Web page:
24 hours of Le Mans, a sports car endurance race, is the world’s oldest active race in the sport. But since its creation in 1923, there have been only 23 all-female teams. At the Le Mans Prototype 2, there haven’t been any all-female teams in it’s 18-year history until now.
An all-female team competed in an LMP2 car, which is the fastest car used in track racing, for the first time in the competition’s history during the big event in September 2020. Amanda Mille and her father Richard, a Swiss luxury watchmaker, had the idea to assemble the all-woman team that had a chance to reach the podium.
“If you have a goal, it may take a bit of time,” Mille said in an interview with the Financial Times. “But when we at Richard Mille do something we do it the right way. I really do believe we have everything to end up on the podium.”
At the event there were two all-female teams, but only the Mille’s team competed at the LMP2 level. There was a time when all-female teams at Le Mans were more common. In 1935, 12 years after the competition was founded, four all-female teams lined up to start. Since then Le Mans saw a decline in women at the event.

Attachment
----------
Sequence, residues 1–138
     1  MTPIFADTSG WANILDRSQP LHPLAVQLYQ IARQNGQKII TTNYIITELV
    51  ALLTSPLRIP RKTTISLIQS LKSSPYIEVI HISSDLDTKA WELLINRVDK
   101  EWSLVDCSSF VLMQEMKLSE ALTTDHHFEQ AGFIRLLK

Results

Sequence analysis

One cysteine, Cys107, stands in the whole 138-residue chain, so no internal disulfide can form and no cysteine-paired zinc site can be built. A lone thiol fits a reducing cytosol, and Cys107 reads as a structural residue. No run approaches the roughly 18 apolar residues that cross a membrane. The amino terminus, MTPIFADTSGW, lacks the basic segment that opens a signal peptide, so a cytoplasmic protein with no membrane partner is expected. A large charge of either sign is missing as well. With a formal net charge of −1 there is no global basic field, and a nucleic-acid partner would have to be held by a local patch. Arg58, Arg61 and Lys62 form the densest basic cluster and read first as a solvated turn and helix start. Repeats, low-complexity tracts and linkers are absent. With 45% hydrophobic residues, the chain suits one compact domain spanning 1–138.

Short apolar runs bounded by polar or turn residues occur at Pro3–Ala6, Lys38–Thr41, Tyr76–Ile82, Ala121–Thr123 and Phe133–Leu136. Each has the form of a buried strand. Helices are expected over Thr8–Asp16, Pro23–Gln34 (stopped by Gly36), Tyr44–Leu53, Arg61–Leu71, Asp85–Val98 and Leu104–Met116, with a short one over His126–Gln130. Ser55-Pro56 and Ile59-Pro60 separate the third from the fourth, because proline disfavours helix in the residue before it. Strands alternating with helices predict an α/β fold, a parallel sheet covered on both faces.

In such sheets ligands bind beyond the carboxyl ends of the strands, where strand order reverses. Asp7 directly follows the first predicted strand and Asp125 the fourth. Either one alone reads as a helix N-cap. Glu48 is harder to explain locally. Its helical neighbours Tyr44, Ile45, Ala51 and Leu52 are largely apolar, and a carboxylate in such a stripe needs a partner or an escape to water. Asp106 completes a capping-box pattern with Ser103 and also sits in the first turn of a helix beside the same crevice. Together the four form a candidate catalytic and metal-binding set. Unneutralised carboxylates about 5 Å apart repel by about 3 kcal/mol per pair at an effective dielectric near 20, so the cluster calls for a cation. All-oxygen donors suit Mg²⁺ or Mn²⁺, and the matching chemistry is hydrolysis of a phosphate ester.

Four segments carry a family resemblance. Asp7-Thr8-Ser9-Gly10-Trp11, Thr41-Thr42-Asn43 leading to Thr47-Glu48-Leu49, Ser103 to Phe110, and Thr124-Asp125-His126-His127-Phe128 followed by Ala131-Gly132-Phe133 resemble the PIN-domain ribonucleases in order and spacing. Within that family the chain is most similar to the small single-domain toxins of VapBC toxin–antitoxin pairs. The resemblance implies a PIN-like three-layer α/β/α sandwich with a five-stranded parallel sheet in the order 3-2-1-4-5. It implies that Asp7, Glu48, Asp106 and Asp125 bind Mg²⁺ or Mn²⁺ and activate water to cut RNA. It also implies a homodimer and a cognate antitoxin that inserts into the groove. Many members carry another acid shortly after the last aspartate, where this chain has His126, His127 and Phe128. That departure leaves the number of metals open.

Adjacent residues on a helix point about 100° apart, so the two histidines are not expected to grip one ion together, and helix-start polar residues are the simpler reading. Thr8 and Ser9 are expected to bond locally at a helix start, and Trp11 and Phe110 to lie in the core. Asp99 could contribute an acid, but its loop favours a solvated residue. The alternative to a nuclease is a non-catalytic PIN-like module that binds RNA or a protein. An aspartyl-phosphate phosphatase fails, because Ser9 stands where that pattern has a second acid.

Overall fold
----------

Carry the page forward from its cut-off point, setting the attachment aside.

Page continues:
In 2009, the Women in Motorsport commission was created to encourage more participation for women. Michèle Mouton is the president of WMC and led an all-female team in 1975.
“We at the commission have been working for many years to get teams and manufacturers involved, to have ladies in a top team,” Mouton said in an interview with The New York Times. “This was like a dream, I would say.”
The second all-female team- Manuela Gostner of Italy, Rahel Frey of Switzerland and Michelle Gatting of Denmark- will compete in the LM GTE Am class. The three women participated in Le Mans last year and finished at 39th overall. According to the New York Times, they were the first all-women team to place since 1977.
Mille’s team consisted of Tatiana Calderon, Sophia Floersch and Beitske Visser. Katherine Legge was originally set to compete with them, but broke multiple bones and injuries during a trial run in July.
“Since all these ladies have been driving, no one has really believed that they could do something,” Mille said in an interview with the New York Times. “They have told me stories about engineers in other teams saying to them, ‘Don’t tell me what I should do because you’re just a girl.’ That’s where we still are in 2020. That’s a bit scary.”
Mille’s all-woman team of racers finished with a top 10 standing, placing ninth out of 24 cars.
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